George Middleton, age 11, of Visalia, Calif.) for his question
Why ,was the United Nations formed?
The basic aims are set forth in the Preamble to the great Charter of the United Nations. It begins: We the people of the United Nations are determined to save future generations from the scourge of war. These noble words were stated by the victorious allies who defeated the axis nations ‑ Germany,, Italy and Japan. The prime object, then, of the United Nations is to abolish warfare as a means of settling the problems between countries.
Warfare has been with mankind since the beginning of his history. In the pasty most people accepted the idea as a necessary misfortune. A few men dared to speak of a world without war but they were considered dreamers But ours is a century of great enlightenment and people all over the world are beginning to envision the end of warfare. Perhaps, a hundred years from now, the history books will truly be able to call World War II, the Last War.
But all this is a noble dream not quite come true. The wisp men who drew up the great Charter of the United Nations know this and they knew that a lot of practical planning is necessary to make a dream corm true. These ideas are made plain later in the Preamble. It status that the nations who signed. the Charter are determined to reaffirm faith in human rights, in the dignity and worth of the human person, in the rights of men and women and nations, large and small.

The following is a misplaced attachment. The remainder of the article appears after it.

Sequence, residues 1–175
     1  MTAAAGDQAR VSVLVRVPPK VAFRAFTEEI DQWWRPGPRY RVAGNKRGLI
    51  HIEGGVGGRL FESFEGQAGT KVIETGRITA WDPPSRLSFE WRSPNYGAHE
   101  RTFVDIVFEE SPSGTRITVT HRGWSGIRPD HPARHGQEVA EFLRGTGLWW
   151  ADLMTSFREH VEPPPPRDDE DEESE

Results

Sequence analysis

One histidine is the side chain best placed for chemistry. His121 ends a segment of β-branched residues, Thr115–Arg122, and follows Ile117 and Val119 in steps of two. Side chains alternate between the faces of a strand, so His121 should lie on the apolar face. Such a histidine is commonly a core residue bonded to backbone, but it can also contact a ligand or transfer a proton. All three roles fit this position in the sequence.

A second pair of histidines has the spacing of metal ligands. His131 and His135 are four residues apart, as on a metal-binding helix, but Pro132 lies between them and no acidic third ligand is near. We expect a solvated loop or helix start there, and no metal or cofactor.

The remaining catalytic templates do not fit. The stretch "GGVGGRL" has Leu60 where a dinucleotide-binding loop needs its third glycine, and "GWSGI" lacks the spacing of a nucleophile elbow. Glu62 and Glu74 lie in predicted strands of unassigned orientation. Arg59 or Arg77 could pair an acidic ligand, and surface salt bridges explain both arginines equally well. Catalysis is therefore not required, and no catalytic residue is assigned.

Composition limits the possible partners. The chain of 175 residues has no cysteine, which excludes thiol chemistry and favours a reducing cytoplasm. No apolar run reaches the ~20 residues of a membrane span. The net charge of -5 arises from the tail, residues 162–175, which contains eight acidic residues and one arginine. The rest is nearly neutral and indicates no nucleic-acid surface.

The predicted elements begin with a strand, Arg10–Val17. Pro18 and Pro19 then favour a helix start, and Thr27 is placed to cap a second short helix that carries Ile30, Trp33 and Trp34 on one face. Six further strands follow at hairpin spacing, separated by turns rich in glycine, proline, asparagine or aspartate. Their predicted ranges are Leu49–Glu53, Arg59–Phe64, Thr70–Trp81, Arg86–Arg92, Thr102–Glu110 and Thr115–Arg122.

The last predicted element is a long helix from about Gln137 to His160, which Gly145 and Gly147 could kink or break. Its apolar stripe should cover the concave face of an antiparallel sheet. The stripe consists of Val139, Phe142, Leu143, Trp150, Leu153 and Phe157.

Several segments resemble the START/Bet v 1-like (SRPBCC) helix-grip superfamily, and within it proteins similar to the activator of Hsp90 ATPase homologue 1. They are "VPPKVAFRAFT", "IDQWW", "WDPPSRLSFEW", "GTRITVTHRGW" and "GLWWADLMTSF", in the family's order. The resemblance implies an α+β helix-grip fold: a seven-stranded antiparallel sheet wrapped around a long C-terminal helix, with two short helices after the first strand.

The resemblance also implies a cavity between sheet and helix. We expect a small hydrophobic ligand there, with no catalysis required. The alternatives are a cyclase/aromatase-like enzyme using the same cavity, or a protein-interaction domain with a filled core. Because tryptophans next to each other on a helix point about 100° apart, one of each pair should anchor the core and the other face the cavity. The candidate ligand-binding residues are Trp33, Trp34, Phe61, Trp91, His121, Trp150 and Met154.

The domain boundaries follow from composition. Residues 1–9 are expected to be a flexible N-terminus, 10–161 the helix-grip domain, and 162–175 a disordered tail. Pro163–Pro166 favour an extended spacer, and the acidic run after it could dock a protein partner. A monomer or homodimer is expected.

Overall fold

This means that the U.N. aims for peace of a special kind. The peace enforced by a bully nation under threat of war is not peace at all. Neither is a peace enforced by a government upon its unwilling people. The U.N. does not stand for so-called peace of this kind. It states clearly that true peace must consider human rights and the rights of nations.
This U.N. ideal is the greatest project ever undertaken by mankind. For it aims to change man's thinking from the path taken by his ancestors. It aims to tame the warlike feelings of nations and turn them in opposite directions. The Charter itself is full of rules as to how this can be done. It suggests that the representatives of nations talk around the conference table ‑ no matter how angry they feel with each other, no matter how much they would rather fight. Since the Charter was signed. in 1945, goodness knows there has been plenty of talk and some of it very bitter. But sensible people do not expect to tame all man’s wildest impulses in 14years.
The wise men who drew up the Charter also knew where their ideals would lead. A world at peace, or oven walking towards peace, has time for luxuries. The Preamble ends by stating the aims to promote social progress and better standards of life in larger freedom. And progress towards these luxuries has already been made in the United Nations.